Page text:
- The Washington Times - Friday, December 16, 2005

Small Business Administrator Hector Barreto has been battling numerous obstacles to get loan funding to the survivors of Hurricanes Katrina and Rita since October, and now he appears to be fighting for his job after key Democrats called for his removal.

Mr. Barreto was bolstered yesterday by the support of Rep. Donald Manzullo, Illinois Republican and chairman of the House Small Business Committee, who said the criticisms of the administrator are not taking into account the reality of his job and the situation in the Gulf Coast, particularly in New Orleans.

“This is really complicated; we are talking about not just rebuilding but redesigning the city — new streets, buildings, levees, people not sure if they’re going back — how can you secure a loan under these conditions?” Mr. Manzullo said.

Rep. Nydia M. Velazquez, New York Democrat and her party’s ranking member on the committee, said that despite the obstacles facing the agency, there are “far too many problems” Mr. Barreto has failed to address.

“The numbers don’t lie; this administrator and the SBA has failed small business in the Gulf Coast with an 80 percent decline rate for disaster loans,” Mrs. Velazquez said.

She added that reports of the Small Business Administration (SBA) having the lowest morale rating in a recent survey of 30 federal agencies and the decision to upgrade the computer systems at the height of the hurricane season despite prior objections, which she said led to further delays in response, show a “clear lack of leadership.”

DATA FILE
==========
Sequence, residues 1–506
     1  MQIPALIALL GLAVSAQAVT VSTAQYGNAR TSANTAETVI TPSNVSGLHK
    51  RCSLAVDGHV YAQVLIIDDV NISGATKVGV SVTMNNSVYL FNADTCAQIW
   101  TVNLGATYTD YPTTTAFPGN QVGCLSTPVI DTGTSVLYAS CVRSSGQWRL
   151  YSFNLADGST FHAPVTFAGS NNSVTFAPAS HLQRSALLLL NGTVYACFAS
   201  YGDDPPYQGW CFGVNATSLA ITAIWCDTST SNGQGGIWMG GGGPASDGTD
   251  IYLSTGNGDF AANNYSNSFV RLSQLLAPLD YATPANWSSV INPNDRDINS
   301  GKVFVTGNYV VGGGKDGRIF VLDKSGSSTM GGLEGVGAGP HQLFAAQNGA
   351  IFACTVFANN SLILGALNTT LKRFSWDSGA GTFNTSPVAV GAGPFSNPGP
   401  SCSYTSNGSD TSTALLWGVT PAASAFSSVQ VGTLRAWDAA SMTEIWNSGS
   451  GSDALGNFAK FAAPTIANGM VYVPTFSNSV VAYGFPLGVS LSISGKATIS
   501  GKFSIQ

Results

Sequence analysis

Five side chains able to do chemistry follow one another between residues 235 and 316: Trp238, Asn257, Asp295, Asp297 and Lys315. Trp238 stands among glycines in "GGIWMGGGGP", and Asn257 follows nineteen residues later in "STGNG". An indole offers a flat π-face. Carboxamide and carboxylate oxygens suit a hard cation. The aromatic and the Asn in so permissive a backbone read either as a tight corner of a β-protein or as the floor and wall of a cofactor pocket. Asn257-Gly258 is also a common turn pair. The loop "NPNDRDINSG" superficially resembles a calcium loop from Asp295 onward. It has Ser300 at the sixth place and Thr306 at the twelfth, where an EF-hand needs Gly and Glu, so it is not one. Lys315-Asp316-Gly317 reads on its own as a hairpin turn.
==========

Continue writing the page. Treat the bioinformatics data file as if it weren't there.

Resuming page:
But Mr. Manzullo said the SBA is not a grant agency and must have a “reasonable expectation” that loans will be repaid. In most cases in New Orleans and other areas of the region, businesses seeking loans cannot guarantee a new clientele base sufficient enough to repay them, he said.

The SBA is usually on site within two to three days of a disaster and was on the scene in New Orleans after Katrina hit Aug. 29. But loan agents were forced to move out as Rita stormed the coast Sept. 24, after which first responders prevented the agents from returning for a week.

“It took almost until Oct. 1 for them to get on the ground in New Orleans,” Mr. Manzullo said.

The embattled federal loan director has taken hits from all sides, including from Sen. Olympia J. Snowe, Maine Republican and chairman of the Senate Committee on Small Business and Entrepreneurship, and Sen. John Kerry of Massachusetts, the committee’s top Democrat.

“Hector Barreto is not doing a heck of a job,” Mr. Kerry said. “He needs to either lead or get out of the way.”

But Mr. Barreto said the agency is working “around the clock” to serve the victims — and has hired and trained 4,000 new employees, doubled the size of the loan processing center, reviewed 110,000 applications, conducted 107,000 inspections and approved $1.4 billion in loans, doing “a normal year’s worth of work in three months.”

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